Some other things contributing to Toy Story 4 being under the $140M projection: Tracking services (and studios) will argue that when a film arrives on tracking at such a lofty level, $100M-plus forecasts become a challenge to pinpoint. But what we’ve been seeing this summer is that a lot of brand-name titles like Men in Black, Godzilla, and Shaft are over-tracking and under-delivering. This happens cyclically.
The takeaway here from this weekend at least in U.S/Canada: Just because it’s a Disney movie doesn’t mean it can be dated anywhere. It’s going to be very interesting to see what live action Disney toon adaptation sequel Maleficent: Mistress of Evil does during the third weekend of October, a time typically reserved for a hard genre movie, like last year’s Halloween ($76.2M). Note some even believe that Disney left millions on the table with the opening of Black Panther (!) despite that pic’s massive $242.1M 4-day. Why did that movie open on Friday, Feb. 16, instead of Valentine’s Day, one of the hottest moviegoing days of the year?
Toy Story 4 in PostTrak exits on Friday night drew 55% females to 45% males, 58% moms to 42% dads, and an even split between under-12 girls and boys. Families were out in bulk on Friday night, making up 45% of the crowd to 55%. Updated leading demos for Toy Story 4: Women over 25 (29% with a 91% positive rating), Women under 25 (26% with a 90% rating), Men over 25 (25% with a 86% rating), and Men under 25 (20% with an 89% rating). Diversity breakdown is comprised of 49% Caucasian, 23% Hispanic, 12% African Americans, and 12% Asian. Toy Story 4 played best in the West, Mid-West and South-West, but was great everywhere throughout.
As we detailed on Friday night, Disney rang the bell for Toy Story 4 around the world, partnering with advertisers like Chrysler (animated movies hardly ever have big auto partners, so that’s an amazing hook-up), Go RVing, McDonald’s, Google and more for a promo partner campaign valued at $150M — the highest for a Disney animated film, and a number that’s right up there with Marvel movies.
Social Media metrics on Toy Story 4 per Relish Mix: The fourthquel counts a massive social media universe of 752.7M, dwarfing any other Family/Animated film’s typical SMU of 338.5M. Broken down, Toy Story 4 counts 143.4M Facebook Fans, 98.8M Facebook video views, 47.2M Twitter Followers, 422.9M YouTube views and 40.4M Instagram Followers. Viral video is a massive 32:1 rate, beating the genre’s 18:1 average. “This level was achieved by building out an immense following not just from the previous films, but also the superb Super Bowl campaign kick-off. In fact, there are 60 clips totaling 12.7M views credited to the Super Bowl effort alone,” says RelishMix.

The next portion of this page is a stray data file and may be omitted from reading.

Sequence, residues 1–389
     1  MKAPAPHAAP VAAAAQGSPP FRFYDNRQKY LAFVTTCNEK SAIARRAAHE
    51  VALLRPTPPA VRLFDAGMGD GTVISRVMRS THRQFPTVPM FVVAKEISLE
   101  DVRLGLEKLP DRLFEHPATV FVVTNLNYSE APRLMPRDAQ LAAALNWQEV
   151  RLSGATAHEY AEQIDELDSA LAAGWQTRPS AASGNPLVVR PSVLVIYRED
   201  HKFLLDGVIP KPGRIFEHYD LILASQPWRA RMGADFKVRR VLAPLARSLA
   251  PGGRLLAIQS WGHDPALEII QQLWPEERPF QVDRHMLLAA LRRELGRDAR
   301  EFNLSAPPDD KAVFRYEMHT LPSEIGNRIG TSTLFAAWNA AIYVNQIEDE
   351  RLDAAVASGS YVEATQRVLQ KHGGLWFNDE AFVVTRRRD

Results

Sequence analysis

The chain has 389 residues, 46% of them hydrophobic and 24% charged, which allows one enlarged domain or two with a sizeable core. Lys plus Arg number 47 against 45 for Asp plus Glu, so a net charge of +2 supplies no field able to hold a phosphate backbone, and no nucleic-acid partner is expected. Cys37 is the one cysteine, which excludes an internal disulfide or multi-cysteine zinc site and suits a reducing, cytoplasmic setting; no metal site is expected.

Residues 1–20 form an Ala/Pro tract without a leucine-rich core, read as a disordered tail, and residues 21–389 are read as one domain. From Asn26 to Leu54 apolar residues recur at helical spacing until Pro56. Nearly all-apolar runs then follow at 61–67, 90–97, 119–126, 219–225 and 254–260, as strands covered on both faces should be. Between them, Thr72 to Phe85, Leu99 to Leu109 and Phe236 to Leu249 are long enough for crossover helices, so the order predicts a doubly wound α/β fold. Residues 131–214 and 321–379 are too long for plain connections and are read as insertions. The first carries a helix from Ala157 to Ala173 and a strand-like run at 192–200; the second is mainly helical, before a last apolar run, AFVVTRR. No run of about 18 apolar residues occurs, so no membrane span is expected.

UA/Orion’s Child’s Play grossed $6.1M on Friday, on its way to a $14M opening per the studio. Also, hey, in a tough Disney marketplace, that’s a good debut by the competition. It’s also proof that horror can still be relied upon as counter-programming in an atmosphere of haves and have-nots on the marquee. The shared experience in the theater is more crucial than ever now in the current millennial social media environment, where split decisions are made on the fly as they determine whether they’re headed to the theater. If you’re not a ‘shared experience’ type of film, then you’re dead at the B.O., which is why we see a number of comedies not working right now. Horror still works on the big screen, given its shared experience vibe. We hear this reboot, which stars Aubrey Plaza and a voice-over by Mark Hamill, was more expensive than Blumhouse’s Ma ($13.5M to $5M before P&A, UA says $10M before P&A), but still inexpensive enough.